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Wahhābīya. An ultra-conservative, puritanical Muslim movement adhering to the Ḥanbalite law, although it regards itself as ghair muqallidīn, non-adherent to parties, but defending truth. It arose in Najd in the Arabian peninsula during the 18th cent. Its founder, Muḥammad ibn ʿAbd al-Wahhāb (1703–87 (AH 1115–1201)) found a champion in the tribal leader Muḥammad ibn Saʿūd of the Darʿiya region, and from then on the Saudis became the main supporters of the movement. They believe that the Muslims have abandoned their faith in One God (tawhid) and have distorted Islam through innovations (bidʿa) which run counter to pure Islam. The Wahhābīs accept only the Qurʾān and the authentic Sunna, and all Muslims who do not accept their creed are regarded as heretics, especially the Shīʿa, who are considered as archenemies of Islam.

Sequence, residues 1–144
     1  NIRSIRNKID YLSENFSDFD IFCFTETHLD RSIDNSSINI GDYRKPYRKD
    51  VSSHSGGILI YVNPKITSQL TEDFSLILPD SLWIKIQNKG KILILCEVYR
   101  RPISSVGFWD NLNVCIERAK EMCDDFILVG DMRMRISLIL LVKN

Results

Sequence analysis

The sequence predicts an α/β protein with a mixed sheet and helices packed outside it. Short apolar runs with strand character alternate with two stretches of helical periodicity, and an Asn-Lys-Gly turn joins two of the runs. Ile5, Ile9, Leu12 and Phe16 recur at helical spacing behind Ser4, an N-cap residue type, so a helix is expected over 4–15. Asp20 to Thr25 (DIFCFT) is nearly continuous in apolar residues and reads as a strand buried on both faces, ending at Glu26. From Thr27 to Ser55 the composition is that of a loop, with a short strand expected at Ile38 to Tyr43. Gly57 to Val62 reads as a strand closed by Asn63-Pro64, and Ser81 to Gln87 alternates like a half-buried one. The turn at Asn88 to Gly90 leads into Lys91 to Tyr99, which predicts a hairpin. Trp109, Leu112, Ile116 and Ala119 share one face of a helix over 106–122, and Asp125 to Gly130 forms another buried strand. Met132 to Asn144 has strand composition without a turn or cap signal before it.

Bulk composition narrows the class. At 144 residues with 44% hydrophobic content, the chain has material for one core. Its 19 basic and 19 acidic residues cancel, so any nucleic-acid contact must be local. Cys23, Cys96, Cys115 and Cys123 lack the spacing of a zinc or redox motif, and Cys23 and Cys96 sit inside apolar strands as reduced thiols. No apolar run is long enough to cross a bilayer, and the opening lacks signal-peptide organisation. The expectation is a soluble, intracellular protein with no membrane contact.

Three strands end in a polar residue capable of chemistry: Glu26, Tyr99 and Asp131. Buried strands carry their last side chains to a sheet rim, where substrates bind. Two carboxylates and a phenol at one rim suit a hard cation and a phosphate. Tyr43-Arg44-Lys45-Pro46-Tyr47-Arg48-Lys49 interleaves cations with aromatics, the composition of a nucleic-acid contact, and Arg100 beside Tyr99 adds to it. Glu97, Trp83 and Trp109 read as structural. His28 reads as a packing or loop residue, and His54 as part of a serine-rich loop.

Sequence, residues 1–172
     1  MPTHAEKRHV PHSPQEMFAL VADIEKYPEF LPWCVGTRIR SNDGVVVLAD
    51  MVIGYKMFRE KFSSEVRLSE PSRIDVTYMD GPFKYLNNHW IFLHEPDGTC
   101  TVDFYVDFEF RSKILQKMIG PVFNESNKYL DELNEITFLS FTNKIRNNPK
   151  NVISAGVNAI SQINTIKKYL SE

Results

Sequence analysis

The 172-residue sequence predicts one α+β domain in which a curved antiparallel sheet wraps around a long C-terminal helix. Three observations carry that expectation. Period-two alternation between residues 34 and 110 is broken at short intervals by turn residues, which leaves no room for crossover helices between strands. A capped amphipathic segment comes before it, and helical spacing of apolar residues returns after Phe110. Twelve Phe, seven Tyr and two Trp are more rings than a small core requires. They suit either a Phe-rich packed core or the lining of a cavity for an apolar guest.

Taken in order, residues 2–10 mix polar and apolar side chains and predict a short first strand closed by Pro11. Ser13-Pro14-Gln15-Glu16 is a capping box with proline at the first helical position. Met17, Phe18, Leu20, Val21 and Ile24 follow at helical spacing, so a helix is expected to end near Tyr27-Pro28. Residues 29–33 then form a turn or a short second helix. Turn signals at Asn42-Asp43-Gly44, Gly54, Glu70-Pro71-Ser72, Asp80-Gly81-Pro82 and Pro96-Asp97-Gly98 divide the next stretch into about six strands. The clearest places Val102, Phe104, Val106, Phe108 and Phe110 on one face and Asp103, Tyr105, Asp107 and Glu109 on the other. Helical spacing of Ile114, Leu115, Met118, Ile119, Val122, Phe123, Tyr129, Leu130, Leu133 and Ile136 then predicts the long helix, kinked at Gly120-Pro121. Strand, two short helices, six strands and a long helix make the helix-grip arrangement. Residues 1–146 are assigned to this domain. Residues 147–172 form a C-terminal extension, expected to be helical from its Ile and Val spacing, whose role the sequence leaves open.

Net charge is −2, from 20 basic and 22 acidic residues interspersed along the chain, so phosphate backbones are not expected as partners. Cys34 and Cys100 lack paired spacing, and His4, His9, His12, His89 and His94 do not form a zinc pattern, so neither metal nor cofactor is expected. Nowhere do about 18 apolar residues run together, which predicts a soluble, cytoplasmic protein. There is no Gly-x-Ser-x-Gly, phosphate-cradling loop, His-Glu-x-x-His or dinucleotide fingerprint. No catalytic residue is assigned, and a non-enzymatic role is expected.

During the 19th cent., the Wahhābīs in alliance with the Saʿūd family began to expand territorially. Within the new kingdom of Saudi Arabia, the Wahhābīs became dominant in conservative control, introducing mutawwiʿūn, ‘enforcers of obedience’, a kind of private religious police, monitoring not only public but also private conformity to Islam (since before Allāh there is no distinction between private and public).

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